Building a Support Network
A support network can be a helpful way for new and growing businesses to connect with other entrepreneurs with similar problems. Additionally, support networks can help new business owners to build a customer and supplier base and provide increased access to debt and equity financing.
Women and minority businesses often find it more difficult to find this type of helpful support from other business owners.
Social Misconceptions of Women Business Owners
Perceptions about the way women and minorities operate in the business world can also hinder the success of a business. Here are some of the common misconceptions of minority and female business owners.
· Women with children will not have time to meet leadership obligations
Unfortunately, there is still an expectation that women will be the primary caretakers and more likely to be expected to take care of the home than men. This lends itself to an unfounded belief that these obligations will prevent women from being able to be as dedicated to their business and workplace obligations than their male counterparts.
A study found that the challenges as a working parent help to prepare women even more for the obstacles they will face in their leadership positions.
· Women lack the confidence to lead
Oftentimes, women are perceived to have a lack of confidence when engaging in their careers and business ventures. This perception is not often grounded in an actual lack of confidence in female entrepreneurs. Rather, research shows that women are afraid of experiencing backlash socially as a consequence of promoting themselves or asserting themselves in business. This is a concern that their male counterparts do not experience.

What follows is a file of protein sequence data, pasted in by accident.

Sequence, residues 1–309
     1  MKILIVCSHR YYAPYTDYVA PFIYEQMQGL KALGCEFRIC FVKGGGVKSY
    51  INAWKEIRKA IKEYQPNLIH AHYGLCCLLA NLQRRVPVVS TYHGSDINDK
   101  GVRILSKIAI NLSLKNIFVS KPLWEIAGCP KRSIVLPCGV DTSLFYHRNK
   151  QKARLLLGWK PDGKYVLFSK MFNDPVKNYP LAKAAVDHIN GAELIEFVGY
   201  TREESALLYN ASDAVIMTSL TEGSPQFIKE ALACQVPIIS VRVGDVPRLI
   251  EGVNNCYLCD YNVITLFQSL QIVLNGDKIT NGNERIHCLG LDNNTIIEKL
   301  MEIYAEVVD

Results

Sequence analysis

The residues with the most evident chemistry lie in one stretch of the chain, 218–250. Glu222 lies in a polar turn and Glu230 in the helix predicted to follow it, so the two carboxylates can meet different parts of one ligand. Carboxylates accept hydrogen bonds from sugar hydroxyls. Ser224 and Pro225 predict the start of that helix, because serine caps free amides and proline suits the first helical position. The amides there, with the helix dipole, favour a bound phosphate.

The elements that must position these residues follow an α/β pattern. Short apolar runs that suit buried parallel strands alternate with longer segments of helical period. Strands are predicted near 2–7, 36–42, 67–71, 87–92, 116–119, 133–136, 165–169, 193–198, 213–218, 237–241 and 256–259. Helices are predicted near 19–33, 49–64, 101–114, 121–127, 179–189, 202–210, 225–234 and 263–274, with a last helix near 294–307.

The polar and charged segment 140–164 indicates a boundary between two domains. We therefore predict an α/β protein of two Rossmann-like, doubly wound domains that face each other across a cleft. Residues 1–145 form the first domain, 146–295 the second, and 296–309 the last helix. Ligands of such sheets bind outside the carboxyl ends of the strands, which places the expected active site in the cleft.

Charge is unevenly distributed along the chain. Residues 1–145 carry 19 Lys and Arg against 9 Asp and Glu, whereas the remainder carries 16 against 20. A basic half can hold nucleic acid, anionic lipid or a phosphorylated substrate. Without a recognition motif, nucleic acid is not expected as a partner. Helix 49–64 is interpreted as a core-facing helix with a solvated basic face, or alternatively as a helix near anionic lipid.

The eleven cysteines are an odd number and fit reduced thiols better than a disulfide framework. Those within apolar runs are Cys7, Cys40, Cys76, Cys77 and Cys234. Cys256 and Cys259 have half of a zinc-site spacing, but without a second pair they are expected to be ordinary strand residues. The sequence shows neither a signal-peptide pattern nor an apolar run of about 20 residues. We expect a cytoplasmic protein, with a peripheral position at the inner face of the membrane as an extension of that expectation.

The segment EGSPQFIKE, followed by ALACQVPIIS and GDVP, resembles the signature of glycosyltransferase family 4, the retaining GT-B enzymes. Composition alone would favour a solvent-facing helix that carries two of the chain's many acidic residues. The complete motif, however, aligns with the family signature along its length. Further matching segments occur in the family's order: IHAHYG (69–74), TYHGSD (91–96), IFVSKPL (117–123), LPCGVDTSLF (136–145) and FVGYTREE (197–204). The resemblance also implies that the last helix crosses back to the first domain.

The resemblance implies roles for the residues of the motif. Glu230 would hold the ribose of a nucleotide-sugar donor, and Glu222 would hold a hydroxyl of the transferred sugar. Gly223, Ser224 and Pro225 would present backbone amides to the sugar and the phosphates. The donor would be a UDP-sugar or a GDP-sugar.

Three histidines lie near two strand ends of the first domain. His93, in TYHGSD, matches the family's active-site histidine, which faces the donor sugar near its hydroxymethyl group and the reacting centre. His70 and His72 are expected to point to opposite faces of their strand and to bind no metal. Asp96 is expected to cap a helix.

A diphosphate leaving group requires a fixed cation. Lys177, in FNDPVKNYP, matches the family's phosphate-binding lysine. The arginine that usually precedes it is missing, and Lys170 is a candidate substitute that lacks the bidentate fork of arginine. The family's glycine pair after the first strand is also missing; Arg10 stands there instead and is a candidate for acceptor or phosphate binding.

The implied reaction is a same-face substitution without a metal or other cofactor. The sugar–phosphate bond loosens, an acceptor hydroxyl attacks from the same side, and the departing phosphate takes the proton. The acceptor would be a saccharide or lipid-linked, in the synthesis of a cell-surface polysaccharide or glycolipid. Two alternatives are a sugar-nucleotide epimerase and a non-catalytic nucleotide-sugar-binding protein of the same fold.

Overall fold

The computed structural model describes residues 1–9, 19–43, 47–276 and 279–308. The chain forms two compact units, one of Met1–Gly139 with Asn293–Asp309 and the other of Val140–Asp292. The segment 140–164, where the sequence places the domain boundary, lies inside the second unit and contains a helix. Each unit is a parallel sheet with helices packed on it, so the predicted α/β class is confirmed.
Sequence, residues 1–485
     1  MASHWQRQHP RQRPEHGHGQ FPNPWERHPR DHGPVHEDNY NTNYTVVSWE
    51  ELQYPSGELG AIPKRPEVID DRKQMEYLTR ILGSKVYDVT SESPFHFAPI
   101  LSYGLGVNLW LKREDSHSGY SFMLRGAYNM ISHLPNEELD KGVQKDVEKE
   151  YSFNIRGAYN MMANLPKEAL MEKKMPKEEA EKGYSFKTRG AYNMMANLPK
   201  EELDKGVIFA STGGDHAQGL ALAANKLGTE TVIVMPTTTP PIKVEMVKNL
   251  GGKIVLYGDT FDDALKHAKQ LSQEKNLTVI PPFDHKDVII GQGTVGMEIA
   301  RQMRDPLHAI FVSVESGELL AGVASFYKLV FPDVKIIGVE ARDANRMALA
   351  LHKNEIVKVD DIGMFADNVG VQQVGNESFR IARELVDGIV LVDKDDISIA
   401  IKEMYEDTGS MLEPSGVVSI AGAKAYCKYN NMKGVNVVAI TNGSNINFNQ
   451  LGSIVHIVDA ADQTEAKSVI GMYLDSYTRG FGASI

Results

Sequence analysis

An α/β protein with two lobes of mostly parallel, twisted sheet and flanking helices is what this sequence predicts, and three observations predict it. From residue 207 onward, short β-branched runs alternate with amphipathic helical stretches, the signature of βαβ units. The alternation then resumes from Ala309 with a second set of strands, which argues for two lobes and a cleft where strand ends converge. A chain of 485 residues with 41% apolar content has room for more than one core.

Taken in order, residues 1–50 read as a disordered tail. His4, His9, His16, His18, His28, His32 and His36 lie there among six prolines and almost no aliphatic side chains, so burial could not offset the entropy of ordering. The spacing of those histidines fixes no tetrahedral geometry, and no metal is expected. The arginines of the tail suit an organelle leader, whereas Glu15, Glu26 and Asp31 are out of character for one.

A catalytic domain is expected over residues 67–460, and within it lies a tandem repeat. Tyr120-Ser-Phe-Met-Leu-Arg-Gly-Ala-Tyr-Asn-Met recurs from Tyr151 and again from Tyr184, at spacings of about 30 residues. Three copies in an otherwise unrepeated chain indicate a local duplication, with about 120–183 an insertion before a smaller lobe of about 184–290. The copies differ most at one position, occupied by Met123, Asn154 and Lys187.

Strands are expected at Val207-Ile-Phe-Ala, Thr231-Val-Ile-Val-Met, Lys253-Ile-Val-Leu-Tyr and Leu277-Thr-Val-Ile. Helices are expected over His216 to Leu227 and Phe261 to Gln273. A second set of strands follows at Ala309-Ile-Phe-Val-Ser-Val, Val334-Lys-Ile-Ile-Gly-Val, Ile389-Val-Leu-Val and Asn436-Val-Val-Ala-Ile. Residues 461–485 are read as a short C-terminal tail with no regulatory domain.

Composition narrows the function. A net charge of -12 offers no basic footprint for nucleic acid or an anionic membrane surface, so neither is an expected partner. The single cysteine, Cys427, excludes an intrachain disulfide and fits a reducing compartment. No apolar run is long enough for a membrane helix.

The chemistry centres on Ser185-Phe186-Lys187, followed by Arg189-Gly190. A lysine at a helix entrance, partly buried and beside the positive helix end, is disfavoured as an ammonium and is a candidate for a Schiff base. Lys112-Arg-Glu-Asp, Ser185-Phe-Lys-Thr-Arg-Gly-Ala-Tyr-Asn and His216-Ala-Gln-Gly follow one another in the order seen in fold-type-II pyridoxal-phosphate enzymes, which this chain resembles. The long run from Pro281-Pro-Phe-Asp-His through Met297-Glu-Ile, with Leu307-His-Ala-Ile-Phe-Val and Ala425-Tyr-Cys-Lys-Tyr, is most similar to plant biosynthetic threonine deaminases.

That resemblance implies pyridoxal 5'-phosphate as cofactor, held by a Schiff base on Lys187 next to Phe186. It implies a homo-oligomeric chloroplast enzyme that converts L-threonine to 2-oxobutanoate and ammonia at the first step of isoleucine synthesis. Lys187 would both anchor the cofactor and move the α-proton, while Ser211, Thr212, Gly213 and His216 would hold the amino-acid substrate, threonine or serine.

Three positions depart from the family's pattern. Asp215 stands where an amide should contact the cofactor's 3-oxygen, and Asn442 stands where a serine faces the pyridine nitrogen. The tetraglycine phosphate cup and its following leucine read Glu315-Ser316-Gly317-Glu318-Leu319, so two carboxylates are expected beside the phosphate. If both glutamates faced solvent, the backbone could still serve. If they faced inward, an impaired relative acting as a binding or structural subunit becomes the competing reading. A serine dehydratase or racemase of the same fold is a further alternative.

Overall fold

· Women are not made to be entrepreneurs
According to a study by American Express, businesses with female founders are growing at a rate of nearly 2 times the rate of businesses in general., boosted by both traditional start-up businesses and the rapidly growing “gig” or side hustle economy. 64% of women noted that there is a history of entrepreneurship in their family further inspiring them to start their own businesses.
· Women and minority business are less profitable
A 2016 study by BNP Paribas Global Entrepreneur maintains that businesses with female CEOs earned 13% higher revenues than other businesses.
· Women are less ambitious than men
In some circles, the myth that women are less ambitious than men is pervasive. A BCG study of over 200,000 participants, however, dispels this myth. Women begin their careers at a similar level to men. Once women, have children, ambition does not slow down. The study found that women with children noted leadership opportunities within 1% of women without children.
In reality, ambition is influenced by the culture created within the work environment. Companies where men and women feel that gender diversity is improving, experience no ambition gap, while companies that feel that there is little to no progress, experience a more pronounced ambition gap.
Some additional myths that are discussed:
- Women are not natural salespeople
- Women are not good with technology
- Women are too emotional about business
Lack of Government Contracts Rewarded
Women and minority-owned businesses receive only a small fraction of the contracts awarded by government entities in 2017. Women-owned businesses received an average of 5% ($25.4 out of $508.4 billion) of the total contracts awarded. Minority business owners somewhat better, receiving 9.8% ($49.6 billion) of total contracts.
While women and minority-owned businesses are continuing to grow at a much faster rate than other businesses, there are still a number of issues that should be explored to continue towards more equitable treatment of women and minority businesses.